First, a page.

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Prevalence of Helicobacter pylori and Endoscopic findings among Dyspeptics in Kumasi, Ghana
Current Issue
Volume 2, 2014
Issue 3 (June)
Pages: 63-68   |   Vol. 2, No. 3, June 2014   |   Follow on         
Paper in PDF Downloads: 23   Since Aug. 28, 2015 Views: 1765   Since Aug. 28, 2015
Authors
[1]
Mary K. Y. Afihene , Department of Internal Medicine, School of Medical Sciences, Kwame Nkrumah University of Science & Technology, Kumasi, Ghana; Directorate of Internal Medicine, Komfo Anokye Teaching Hospital, Kumasi, Ghana.
[2]
Mark Denyer , Gastroenterology Department, St James's University Hospital, Leeds, UK.
[3]
John H. Amuasi , Research and Development Unit, Komfo Anokye Teaching Hospital, Kumasi, Ghana.
[4]
Isaac Boakye , Research and Development Unit, Komfo Anokye Teaching Hospital, Kumasi, Ghana.
[5]
Kofi Nkrumah , Department of Medicine and Therapeutics, University of Ghana Medical School, Kole Bu Teaching Hospital, Accra, Ghana.
Abstract
Background: Gastroduodenal conditions like dyspepsia has emerged as one of the non-communicable diseases (NCD) affecting adults in Ghana. The disease is associated with Helicobacter pylori (H. pylori) infection and has a number of causes which can be diagnosed endoscopically. The prevalence of H. pylori and endoscopic findings in Accra, Ghana have been reported. However, in other parts of the country they are not known. Aim: The study was conducted to determine the prevalence of Helicobacter pylori and endoscopic findings in patients with dyspepsia referred for endoscopy at Komfo Anokye Teaching Hospital (KATH), Kumasi. The relationships between H. pylori and the endoscopic findings were also determined. Methods: The Study was a hospital-based prospective cross sectional study of 300 patients aged fifteen (15) years and above with dyspepsia. Upper GI endoscopy was performed on each participant. Endoscopic findings and H. pylori test results were documented. Results: There were more females 176 (59.0%) than males and the mean age of the subjects was 42.7 years (SD 16.9). Using rapid urease test (RUT) 175 (58.72%) subjects tested positive for H. pylori. Endoscopy showed normal findings in more than half, 168 (56.0%), of the patients, The rest had a variety or combination of pathologies. The most common abnormal finding was gastritis, 60, (20.0%). Duodenal ulcer (DU) was present in 32 (10.6%) and oesophagitis in 16 (5.3%), 13 had gastric ulcer (GU) (4.3%), 7 (2.3%) of the patients had gastric carcinoma and one patient had an oesophageal carcinoma. Duodenal ulcer was the only endoscopic finding significantly associated with H. pylori, Odds Ratio 3.59, 95% CI 1.30-12.27; p=0.007. Conclusion: The prevalence of H. pylori infection using (RUT) in dyspeptics referred for endoscopy at the endoscopy unit in KATH was 58.72%. The majority of the dyspeptics (56%) had normal endoscopy. The commonest abnormal finding was gastritis. H. pylori was significantly associated with duodenal ulcer.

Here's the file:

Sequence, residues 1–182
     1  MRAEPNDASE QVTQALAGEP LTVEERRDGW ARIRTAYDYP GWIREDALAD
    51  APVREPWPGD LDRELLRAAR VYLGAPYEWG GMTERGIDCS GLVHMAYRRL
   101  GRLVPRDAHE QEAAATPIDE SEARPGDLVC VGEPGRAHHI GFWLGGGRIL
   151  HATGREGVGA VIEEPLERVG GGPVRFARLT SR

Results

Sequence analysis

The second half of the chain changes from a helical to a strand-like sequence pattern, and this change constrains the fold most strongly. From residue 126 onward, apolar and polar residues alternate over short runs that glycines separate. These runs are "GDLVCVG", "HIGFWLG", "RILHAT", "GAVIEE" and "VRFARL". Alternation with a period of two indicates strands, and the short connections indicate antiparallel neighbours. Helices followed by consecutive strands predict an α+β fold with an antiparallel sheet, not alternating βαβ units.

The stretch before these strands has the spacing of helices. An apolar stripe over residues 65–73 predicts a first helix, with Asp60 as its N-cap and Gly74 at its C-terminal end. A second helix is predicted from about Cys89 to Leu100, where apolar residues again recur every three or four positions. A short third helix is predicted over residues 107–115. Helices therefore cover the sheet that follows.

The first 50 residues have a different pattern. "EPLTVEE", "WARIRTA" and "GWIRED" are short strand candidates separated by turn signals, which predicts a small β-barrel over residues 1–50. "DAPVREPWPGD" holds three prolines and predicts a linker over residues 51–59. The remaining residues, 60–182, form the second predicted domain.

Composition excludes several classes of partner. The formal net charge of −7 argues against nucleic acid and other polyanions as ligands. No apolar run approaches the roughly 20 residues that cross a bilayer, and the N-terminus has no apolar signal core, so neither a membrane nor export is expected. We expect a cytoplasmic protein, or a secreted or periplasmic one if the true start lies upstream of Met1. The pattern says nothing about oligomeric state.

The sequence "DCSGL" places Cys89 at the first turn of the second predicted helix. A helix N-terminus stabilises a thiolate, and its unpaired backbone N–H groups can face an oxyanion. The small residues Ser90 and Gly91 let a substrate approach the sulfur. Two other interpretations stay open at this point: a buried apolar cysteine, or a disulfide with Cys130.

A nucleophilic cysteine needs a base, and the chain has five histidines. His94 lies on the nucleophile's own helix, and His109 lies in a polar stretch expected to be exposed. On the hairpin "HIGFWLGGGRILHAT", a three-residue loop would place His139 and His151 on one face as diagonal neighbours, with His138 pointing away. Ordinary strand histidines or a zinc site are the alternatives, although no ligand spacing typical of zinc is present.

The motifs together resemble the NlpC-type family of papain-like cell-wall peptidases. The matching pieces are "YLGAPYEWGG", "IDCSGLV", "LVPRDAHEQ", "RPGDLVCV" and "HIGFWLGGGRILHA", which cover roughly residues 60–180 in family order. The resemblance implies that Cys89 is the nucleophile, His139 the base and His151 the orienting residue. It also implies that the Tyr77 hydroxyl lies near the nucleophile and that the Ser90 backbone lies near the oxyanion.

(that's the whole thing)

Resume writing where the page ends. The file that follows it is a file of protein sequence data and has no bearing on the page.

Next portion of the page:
Keywords
Helicobacter Pylori, Dyspepsia, Endoscopy
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